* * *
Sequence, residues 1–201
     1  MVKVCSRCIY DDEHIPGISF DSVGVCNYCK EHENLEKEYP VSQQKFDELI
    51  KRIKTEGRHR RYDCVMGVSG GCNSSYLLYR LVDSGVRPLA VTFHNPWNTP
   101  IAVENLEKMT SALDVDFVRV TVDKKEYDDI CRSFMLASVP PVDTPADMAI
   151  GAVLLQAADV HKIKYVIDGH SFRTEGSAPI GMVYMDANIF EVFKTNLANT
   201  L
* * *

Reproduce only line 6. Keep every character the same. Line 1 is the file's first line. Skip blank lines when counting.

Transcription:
   201  L